Friday, November 27, 2009

Transparent Thanksgiving

At this Thanksgiving season, we're surrounded with written expressions of thankfulness from many writers, leaders, communicators, friends and acquaintances. Some feel forced, some are preachy, some are light easy reading while a delightful few feel truly transparent. What was it that caused me to react negatively to many that I'm sure were written in the deepest sincerity?


First – preachy. While my life thrives based on my relationship with God and what he reveals to me daily from his word as well as his creation, I find that "preachy" sorts of advice are better received audibly than in writing, perhaps in a face to face gathering where affirming feelings are apparent with the relationship being forefront (i.e. unless the reader has been on a particular search for a certain topic). So I need to balance my expressions of God-given gratitude with the struggle the pilgrims and their native American friends and enemies experienced prior to that first celebrative day. Because it's in the struggle that I find God's outpouring into my life to be the most meaningful to someone else.


Second – forced. Thankfulness. It's a nice topic. As Jim Hawkinson used to say, this is the kind of thing " like apple pie and motherhood", no one wants to be against it. So we ask the question and we who love to express ourselves are quick to communicate. But the answers feel glib. A teacher in China asked her students and they all responded the same, "I'm thankful for family and friends and country," but when the teacher responded with more specific, perhaps transparent reasons she was thankful, the students gasped with open mouths.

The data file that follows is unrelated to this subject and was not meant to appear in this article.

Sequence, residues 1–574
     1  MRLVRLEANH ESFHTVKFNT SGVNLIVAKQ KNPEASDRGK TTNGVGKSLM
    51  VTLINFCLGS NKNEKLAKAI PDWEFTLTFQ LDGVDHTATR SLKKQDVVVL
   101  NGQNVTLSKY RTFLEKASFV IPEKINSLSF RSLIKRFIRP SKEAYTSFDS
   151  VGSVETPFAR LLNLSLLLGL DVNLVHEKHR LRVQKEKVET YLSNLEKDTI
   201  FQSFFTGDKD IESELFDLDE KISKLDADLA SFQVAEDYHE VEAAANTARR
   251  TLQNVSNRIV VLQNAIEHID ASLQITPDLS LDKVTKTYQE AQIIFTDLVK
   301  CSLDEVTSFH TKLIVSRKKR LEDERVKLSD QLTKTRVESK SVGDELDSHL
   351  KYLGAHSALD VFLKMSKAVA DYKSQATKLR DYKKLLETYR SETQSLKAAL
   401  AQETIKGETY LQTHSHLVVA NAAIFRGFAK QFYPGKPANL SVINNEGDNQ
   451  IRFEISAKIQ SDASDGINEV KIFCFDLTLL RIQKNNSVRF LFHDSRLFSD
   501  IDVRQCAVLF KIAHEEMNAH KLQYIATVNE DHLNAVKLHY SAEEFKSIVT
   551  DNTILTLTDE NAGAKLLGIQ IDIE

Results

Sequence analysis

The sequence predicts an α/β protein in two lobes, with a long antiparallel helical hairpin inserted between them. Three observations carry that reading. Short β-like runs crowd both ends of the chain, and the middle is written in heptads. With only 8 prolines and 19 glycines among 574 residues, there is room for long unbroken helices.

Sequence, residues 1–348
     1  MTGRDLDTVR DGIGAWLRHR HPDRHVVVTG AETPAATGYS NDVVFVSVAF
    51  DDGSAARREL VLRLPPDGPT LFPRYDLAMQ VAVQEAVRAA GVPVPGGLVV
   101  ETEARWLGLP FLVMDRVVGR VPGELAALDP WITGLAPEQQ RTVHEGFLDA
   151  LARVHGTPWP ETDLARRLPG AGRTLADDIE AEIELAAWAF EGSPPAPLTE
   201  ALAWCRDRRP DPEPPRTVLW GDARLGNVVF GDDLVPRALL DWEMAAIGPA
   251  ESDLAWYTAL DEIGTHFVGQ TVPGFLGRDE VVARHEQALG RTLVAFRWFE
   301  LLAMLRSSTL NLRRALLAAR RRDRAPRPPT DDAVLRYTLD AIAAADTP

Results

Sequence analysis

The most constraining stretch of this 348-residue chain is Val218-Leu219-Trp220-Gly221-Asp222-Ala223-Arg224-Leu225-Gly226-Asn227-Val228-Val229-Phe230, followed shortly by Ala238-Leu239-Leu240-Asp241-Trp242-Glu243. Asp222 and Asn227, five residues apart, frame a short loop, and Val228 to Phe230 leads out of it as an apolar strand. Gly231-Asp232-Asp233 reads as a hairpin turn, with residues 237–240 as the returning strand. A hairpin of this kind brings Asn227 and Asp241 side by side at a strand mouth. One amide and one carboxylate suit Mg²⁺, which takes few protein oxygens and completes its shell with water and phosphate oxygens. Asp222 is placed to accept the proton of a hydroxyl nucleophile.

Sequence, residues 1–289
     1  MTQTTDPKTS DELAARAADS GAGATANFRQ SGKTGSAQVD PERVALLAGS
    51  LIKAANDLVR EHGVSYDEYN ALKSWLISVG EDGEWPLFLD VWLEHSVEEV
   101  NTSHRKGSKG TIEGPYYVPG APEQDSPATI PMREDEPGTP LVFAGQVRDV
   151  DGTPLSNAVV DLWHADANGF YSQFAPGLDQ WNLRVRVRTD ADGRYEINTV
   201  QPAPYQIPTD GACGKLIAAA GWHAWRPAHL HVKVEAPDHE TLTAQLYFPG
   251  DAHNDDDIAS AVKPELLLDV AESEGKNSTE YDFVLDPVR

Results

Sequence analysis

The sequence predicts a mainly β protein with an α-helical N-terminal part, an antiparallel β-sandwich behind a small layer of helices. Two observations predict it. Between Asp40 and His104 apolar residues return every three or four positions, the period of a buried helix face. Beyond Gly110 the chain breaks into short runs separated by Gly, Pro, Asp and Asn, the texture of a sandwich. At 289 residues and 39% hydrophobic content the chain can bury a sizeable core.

Third – light. It's always refreshing to read humor and stories written in a light spirit, but when an article about Thanksgiving is all humor, it too feels contrived – as if the person is covering deeper hurts and vacuums and doesn't want to admit he's really struggling with something for which to be thankful.


Fourth Рtransparent. Those are the ones we all connect to. Because we've all been there, at the edge of the cliff when we weren't sure if the next breeze would just blow us over, when we couldn't imagine how we would ever get to the other side. And at this holiday season, most people have those areas of struggle, perhaps covered by spiritualizing or clich̩s or comedy but they're there Рand it's in hearing those transparent expressions of gratitude from someone else I am inspired to look more carefully at the good things in my life and be grateful Рthis day and every day.


And so I am grateful – for surviving the difficult moments, for God's grace and love that sustains me when I think it's too hard, for the people in my life who reach out when I can't reach. For the memories of the difficult times because they give perspective to the present. For the hope of the future, for knowing that if I am privileged to awake one more day that there is hope, there is life, and that the most oft quoted and favorite proverb of many in Proverbs 3:5,6 is still true … to trust in the Creator, to recognize His place in my life, and to be confident that he has set the path for the next step on the edge of the cliff.